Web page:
Along the stairs are lovely plantings of sedum, geranium, and coral bell. A drip edge disguised as a dry creek bed flows in and out of plantings to collect and divert any water coming off the roof. This “sunken garden” is a hidden gem on the property and a place where you feel immediately relaxed by the soft textures and pleasant blooms.

The plant palette was limited in order to match the surrounding dunes. Dunegrass, sand cherry, junipers, and cedars were used to achieve a natural effect. An expanse of dunegrass quilts the carefully created dunes, while drifts of sand cherry and juniper occupy the property fringes. Several cedars were carefully placed to ensure privacy and offer understory in otherwise mature hardwoods.

Lake Michigan
High waters had formed a 6′ cliff that made access to the beach only possible with a ladder.
Lake Michigan
Large boulders were placed along the shoreline to protect it from wave action.

While dunegrass plantings helped minimize windblown sand, the wave erosion required a more complex solution. To fortify the shoreline, 125 tons of large boulders were placed to armor against wave action. Some individual boulders weighed in at nearly five tons, providing protection from Lake Michigan’s most powerful storms.

Such large boulders created complex logistics. There was nowhere onsite to store the amount of boulders needed so it meant many small trips with a skid steer from a small access road down to the beach to get all boulders in place. Per the permit, heavy filter fabric was placed in the cut, followed by boulders placed at a 3:1 slope to ensure any ice push would ride over the boulders and not push them upland.

As the project progressed, the water levels of Lake Michigan dropped over 2′ back to their previous norm. The dropping levels, combined with heavy wave action, deposited tons of sand on the shoreline and added nearly 100′ of beach! At present, the tops of the boulders are the only hint that this shoreline protection exists below what is now nearly 6’ of sand. Though the boulders are currently mostly unseen, the owners now have peace of mind if water levels rise again.

Lakeside Landscape Project:
Curving walkways, stairs, and kneewalls allow an organic flow and easy accessibility between the different grades of home, terrace, and beach.


The Details

When chosen correctly, the simplest components often yield the grandest results. This philosophy only works if the details are executed perfectly. While the bones of the design were strong, the details are what created a seamless landscape.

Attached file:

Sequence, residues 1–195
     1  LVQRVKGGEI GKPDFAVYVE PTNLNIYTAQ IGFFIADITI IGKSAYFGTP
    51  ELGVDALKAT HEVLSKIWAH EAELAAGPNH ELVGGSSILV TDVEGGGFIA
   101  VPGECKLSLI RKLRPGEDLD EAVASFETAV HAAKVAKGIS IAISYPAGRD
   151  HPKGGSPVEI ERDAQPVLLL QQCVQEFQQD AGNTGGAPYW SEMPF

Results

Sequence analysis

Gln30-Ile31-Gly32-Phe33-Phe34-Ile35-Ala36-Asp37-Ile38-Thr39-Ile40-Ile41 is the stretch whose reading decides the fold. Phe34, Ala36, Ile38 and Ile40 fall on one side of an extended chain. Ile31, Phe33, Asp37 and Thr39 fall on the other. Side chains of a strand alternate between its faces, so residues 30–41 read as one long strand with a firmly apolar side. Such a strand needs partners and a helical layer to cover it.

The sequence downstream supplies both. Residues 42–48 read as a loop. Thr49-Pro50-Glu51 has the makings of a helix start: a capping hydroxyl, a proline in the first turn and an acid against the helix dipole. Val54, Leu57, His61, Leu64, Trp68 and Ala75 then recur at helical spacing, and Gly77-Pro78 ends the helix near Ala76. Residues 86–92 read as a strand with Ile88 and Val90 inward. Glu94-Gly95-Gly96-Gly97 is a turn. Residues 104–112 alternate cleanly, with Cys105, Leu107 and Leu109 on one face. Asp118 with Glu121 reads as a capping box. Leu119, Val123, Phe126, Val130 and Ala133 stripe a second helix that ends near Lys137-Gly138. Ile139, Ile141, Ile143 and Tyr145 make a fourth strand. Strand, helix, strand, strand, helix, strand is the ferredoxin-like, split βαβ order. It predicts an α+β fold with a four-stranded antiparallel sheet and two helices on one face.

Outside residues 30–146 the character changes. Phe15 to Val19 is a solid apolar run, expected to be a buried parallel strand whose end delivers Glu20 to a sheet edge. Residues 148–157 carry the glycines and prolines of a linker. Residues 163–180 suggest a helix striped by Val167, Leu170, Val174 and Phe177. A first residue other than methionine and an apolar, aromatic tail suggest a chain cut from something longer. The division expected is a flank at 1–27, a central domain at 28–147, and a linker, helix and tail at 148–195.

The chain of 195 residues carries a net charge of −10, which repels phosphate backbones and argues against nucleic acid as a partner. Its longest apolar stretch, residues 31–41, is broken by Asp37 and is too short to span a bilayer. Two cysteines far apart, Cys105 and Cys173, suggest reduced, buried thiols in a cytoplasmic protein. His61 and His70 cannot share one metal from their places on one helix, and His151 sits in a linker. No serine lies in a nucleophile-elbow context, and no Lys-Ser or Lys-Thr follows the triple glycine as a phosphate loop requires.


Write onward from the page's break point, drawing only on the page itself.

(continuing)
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Tasked with ensuring the steps from the terrace to the boardwalk had a handrail for ease of access for all ages, we struggled to find a solution that didn’t look out of place. One day after a large storm, we came across a piece of driftwood. Upon examination it was the perfect length and shape to be used as a handrail! With a little ingenuity, we attached this piece to another post and fashioned a unique, one-of-a-kind handrail that Nature deposited into our laps.

One of the family’s favorite activities on the lake is collecting the famed Petoskey stone, a rock composed of fossilized coral that is unique to the area. These stones have a unique pattern and are always a topic of conversation. We wanted to honor the fondness for this local gem by including them in the landscape somewhere. We settled on using these stones as a border around the tiles in the outdoor shower. While we may have depleted their collection, the family enjoys this small detail that is now a fixture of their home.

The shores of Lake Michigan are a mesmerizing place. Time seems to slow down, and cares seem to get lost in the wind. This landscape now honors the emotions this lake setting evokes with lazy, meandering paths, a sandy boardwalk, and cozy gathering places for friends and family alike.

Twin Bay Landscaping

VanDyke is project manager with Traverse City, MI-based Twin Bay Landscaping, a boutique design/build firm founded with the goal of constructing timeless landscapes inspired by Nature. VanDyke earned a B.S. in Horticulture from Michigan State University, and worked in all facets of the industry before finding a true passion for creating outdoor living spaces.